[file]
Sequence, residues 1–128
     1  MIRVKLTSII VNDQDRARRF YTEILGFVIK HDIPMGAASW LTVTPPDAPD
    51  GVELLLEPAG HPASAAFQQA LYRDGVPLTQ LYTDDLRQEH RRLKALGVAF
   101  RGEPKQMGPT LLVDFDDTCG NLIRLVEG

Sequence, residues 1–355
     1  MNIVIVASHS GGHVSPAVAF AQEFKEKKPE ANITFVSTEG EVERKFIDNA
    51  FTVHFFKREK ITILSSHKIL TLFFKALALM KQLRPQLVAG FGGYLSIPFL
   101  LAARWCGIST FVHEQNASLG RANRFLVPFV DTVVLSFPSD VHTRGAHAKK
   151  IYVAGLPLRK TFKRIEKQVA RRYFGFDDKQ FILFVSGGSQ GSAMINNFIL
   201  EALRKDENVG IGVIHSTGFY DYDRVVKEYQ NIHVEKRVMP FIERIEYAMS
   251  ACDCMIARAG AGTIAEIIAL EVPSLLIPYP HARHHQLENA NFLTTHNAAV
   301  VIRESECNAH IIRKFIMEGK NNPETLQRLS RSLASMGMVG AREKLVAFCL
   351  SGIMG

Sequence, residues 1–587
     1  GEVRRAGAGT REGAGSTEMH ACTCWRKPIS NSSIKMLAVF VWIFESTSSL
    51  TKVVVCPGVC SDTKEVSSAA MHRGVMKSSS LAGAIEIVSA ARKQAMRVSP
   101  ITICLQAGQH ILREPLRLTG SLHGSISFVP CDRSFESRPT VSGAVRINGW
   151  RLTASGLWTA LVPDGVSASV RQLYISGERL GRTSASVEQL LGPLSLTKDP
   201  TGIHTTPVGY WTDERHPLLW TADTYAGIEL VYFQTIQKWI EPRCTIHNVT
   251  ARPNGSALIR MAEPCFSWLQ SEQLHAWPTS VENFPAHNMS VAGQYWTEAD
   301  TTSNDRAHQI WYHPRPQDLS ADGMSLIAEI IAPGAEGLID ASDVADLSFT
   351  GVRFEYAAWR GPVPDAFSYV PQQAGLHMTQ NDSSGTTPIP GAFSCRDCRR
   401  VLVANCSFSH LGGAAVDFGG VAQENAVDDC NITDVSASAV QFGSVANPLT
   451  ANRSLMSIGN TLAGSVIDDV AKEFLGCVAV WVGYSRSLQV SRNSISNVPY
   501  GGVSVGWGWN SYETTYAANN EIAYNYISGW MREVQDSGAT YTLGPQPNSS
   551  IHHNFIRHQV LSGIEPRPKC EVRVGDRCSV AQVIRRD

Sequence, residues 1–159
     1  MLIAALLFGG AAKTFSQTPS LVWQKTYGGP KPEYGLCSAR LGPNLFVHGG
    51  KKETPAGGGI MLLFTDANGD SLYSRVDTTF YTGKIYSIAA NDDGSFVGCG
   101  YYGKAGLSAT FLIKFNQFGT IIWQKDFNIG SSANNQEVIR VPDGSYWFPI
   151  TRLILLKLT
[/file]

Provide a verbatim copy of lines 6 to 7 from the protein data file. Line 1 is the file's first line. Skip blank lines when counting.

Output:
     1  MNIVIVASHS GGHVSPAVAF AQEFKEKKPE ANITFVSTEG EVERKFIDNA
    51  FTVHFFKREK ITILSSHKIL TLFFKALALM KQLRPQLVAG FGGYLSIPFL